Showing posts with label gangsters. Show all posts
Showing posts with label gangsters. Show all posts

Tuesday, March 3, 2015

TV Watch: Peaky Blinders - recommended

We've been watching the BBC series, now streaming on Netflix, Peaky Blinders.  In BBC or HBO big-budget style, the show is only 6 episodes per season, but the production is incredible per episode with top flight talent in front of, and as near I can tell, behind the camera.

Our resident music snobs will like the soundtrack.  Though the setting is 1919 Birmingham, England, the show makes excellent use of Nick Cave in season 1 (including use of "Red Right Hand" as the credits track) and, as we've just cracked season 2, they've subbed in Ms. Polly Jean Harvey.  The music fits shockingly well against the late Industrial Age backdrop as working-class gangs move like sharks through the factory workers, IRA sympathizers, nascent communists and blue-clad cops on dirt streets in flat caps and tweed.

Season 1 playlist
Season 2 partial playlist

You can't get thrown by the name of the show (the name of the family-based gang at the center of the show) any more than you can get thrown by the accents and patter unfamiliar to American ears, but all of it understandable enough.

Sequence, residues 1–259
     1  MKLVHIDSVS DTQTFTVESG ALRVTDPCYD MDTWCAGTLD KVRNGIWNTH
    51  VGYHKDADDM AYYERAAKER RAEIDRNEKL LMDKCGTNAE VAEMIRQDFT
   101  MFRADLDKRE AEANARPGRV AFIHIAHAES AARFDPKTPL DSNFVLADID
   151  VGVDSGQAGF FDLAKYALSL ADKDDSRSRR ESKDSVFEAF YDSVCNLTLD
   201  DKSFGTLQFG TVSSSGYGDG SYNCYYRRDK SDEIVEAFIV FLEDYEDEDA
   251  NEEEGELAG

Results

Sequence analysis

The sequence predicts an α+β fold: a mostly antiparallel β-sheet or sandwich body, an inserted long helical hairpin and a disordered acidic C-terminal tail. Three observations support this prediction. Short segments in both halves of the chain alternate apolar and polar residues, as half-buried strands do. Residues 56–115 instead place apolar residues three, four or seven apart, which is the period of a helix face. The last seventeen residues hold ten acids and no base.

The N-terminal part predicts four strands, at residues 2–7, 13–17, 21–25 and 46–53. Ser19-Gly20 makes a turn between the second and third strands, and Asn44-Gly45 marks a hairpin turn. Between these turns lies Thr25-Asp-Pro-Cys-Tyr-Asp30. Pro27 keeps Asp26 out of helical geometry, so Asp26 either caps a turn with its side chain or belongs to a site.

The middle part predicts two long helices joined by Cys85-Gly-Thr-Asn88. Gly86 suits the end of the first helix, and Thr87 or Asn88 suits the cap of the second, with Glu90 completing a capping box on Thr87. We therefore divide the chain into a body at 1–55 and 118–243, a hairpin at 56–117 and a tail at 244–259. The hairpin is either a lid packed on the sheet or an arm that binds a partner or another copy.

The lead of the show, Thomas Shelby, is played by Cillian Murphy - most recognizable to Americans as The Scarecrow from Batman Begins and The Dark Knight Rises.  The cops out to get the gang are led by Jurassic Park's Sam Neill.  One of my favorite characters is Tommy's Aunt Polly, played by Helen McCrory, who you might have seen as Draco Malfoy's mother in the Harry Potter films and briefly in Skyfall.  I hear Thomas Hardy shows up here in Season 2, so I'm ready for that.

Sunday, February 22, 2015

Noir Watch: The Big Heat (1953)

I have to assume I've annoyed you people before by talking about the 1953 Fritz Lang directed noir, The Big Heat.  But, what's not to like?  Glenn Ford as a straight-and-narrow cop pushed too far, Lee Marvin as a semi-psychotic mob heavy, Gloria Grahame as...  Gloria Grahame, really (and what more do you need?).